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In her thrilling account of the struggle for survival after a Titanic-like disaster at sea, Charlotte Rogan does what no other book or film of the sort I've encountered ever has: She recognizes that the circumstances of life may be drastically altered, but that bodies remain bodies. It's both unsettling and funny how the Edwardian propriety of the survivors is challenged by the unshakable obligations of nature.

When the Empress Alexandra sinks in mid-Atlantic in the summer of 1914, as the guns of August are about to begin firing in Europe, we follow, through the narrative eyes of Grace Winter, the failing fortunes of the passengers of a single lifeboat. There are, to begin with, 39 of them, in a boat ostensibly built for 40, but in fact much less capacious owing to cost-cutting by the ship's owners.

Though the survivors expect to be rescued imminently, and seem to be ably commanded by the single seaman among them, Mr. Hardie, alliances and suspicions soon begin to form. As I suggested at the outset, Rogan, whose debut novel this is, is very fine at detailing the sheer arduous, draining physicality of the ordeal. The boat is overcrowded and constantly in need of bailing, a sort of metaphor for the increasingly overwrought emotional climate.

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As the days and dark nights pass, food and water run out and no rescuers appear, terrible strains begin to show, hastened by the protean nature of the sea: now calm, now tempest-tossed. In small increments, the veneer of civilization is stripped away. In this small Darwinian craft, the strong do what they think they must to survive; the weak cower – or perish. Rogan demonstrates superbly how, when the prospect of salvation is vanishingly small, so is the contemplation of future reward or punishment, even among the well-bred.

This is also very much a woman's novel. Besides narrator Grace, the most powerful figures on the lifeboat are women (Mrs. Grant and Hannah), as are the weakest. Grace has been on her honeymoon with her now-missing husband, Henry. It was an arranged marriage; arranged by Grace, that is. Henry, a banker, was already affianced, but Grace seduced him (probably literally) into breaking his engagement. He is her escape ticket from life as a governess after her family's fall from fortune.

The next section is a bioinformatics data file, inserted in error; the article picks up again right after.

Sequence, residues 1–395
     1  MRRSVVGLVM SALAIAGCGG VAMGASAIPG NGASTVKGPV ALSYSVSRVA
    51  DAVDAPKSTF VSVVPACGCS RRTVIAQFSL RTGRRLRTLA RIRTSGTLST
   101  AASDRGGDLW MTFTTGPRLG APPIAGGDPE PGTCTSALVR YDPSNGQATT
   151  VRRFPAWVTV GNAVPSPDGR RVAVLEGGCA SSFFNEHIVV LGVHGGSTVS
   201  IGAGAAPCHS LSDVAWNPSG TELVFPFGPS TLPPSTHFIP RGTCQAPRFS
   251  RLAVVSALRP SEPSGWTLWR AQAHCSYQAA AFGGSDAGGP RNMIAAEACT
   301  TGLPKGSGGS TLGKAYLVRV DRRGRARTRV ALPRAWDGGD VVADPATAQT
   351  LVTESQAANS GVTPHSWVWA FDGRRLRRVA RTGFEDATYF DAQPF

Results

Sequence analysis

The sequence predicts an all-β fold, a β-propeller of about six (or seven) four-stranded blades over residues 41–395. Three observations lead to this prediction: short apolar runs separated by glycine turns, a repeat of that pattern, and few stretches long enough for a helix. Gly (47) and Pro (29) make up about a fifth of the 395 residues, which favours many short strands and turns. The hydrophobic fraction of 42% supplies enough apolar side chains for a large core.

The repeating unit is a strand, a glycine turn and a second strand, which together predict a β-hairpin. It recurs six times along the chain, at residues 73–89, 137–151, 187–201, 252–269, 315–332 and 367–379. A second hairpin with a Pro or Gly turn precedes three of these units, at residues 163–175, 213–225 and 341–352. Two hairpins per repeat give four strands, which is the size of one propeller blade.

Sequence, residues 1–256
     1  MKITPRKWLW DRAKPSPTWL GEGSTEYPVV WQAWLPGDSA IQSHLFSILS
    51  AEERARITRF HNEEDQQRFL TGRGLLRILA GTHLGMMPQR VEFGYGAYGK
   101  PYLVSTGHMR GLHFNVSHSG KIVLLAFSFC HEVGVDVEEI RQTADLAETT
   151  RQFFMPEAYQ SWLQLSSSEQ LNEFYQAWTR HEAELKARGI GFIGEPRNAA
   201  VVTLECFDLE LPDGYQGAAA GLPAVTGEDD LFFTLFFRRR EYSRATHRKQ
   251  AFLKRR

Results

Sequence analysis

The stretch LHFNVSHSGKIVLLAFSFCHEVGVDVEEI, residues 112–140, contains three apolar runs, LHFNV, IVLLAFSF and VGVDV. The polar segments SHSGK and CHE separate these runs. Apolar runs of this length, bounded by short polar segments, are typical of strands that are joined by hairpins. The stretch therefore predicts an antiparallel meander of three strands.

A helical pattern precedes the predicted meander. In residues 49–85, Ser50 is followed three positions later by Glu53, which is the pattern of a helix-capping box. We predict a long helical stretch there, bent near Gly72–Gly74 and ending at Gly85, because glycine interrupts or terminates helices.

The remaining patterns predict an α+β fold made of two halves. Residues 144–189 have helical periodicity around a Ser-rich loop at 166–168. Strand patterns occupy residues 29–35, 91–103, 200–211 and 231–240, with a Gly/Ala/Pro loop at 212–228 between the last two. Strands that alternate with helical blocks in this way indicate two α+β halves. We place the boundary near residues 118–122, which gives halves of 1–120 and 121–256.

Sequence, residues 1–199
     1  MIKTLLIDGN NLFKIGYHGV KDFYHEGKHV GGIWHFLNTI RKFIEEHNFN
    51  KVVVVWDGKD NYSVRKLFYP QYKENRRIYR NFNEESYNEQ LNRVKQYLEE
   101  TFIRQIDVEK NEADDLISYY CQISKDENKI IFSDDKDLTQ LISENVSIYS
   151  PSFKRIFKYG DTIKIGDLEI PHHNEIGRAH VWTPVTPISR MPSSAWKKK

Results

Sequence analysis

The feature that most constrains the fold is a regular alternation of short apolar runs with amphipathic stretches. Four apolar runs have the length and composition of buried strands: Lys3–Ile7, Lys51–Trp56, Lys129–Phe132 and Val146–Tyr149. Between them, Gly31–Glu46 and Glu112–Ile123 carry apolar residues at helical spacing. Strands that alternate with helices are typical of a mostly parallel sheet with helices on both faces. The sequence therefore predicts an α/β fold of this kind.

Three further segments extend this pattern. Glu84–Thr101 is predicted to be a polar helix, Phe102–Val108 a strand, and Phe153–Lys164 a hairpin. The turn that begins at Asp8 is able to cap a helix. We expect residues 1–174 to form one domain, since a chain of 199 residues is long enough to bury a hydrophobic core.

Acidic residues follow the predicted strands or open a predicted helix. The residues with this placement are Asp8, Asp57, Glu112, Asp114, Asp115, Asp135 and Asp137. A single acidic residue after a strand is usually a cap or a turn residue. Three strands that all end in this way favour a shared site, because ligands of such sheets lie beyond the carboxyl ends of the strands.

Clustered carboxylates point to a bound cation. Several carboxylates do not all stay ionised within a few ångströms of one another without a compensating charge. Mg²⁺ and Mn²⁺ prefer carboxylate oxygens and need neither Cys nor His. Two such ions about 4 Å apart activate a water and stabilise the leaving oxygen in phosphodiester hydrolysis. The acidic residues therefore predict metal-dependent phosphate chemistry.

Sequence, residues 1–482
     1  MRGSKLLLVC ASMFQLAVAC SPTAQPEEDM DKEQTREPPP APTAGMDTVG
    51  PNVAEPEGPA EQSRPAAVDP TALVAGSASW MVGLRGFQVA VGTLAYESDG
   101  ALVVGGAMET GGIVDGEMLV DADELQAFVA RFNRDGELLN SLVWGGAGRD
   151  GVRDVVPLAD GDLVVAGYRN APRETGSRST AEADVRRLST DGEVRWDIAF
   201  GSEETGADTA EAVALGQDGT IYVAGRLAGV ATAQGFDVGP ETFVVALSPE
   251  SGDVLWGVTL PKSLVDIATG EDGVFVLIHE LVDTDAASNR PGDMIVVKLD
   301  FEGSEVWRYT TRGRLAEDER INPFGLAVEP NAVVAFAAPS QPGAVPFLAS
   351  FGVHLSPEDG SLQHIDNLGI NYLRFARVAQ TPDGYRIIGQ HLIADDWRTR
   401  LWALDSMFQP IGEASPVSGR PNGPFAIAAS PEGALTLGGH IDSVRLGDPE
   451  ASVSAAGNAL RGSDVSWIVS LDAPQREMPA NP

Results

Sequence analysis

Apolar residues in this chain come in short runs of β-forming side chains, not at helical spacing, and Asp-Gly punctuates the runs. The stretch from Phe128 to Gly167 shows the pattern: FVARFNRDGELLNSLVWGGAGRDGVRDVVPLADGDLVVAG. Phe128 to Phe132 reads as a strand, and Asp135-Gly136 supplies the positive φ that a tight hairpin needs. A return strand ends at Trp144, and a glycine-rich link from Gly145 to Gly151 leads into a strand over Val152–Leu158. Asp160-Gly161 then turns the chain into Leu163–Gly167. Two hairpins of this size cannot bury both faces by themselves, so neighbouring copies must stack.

Grace is intelligent, more subtle than she seems and also pliable, as her allegiances vary. But her testimony is also not entirely reliable, since her survival instincts will prove to be the strongest of anyone's.

In fluid, straightforward, yet consistently evocative prose, Rogan convinces us of the terror of this voyage into darkness: physical, psychological, spiritual. Religion proves small defence against the power of nature; indeed, the sea becomes a kind of god, with the capricious power of life and death.

At once deceptively simple and technically accomplished, a straightforward thriller and a tale of moral complexity, The Lifeboat is a remarkable debut. I am not alone in thinking so; witness a dazzling set of cover raves by the likes of Hilary Mantel, J.M. Coetzee, Emma Donoghue and Tim O'Brien. When such a disparate quartet agrees that a book is something special, it would be mutinous to disagree.

Books editor Martin Levin has always loved a good shipwreck tale.

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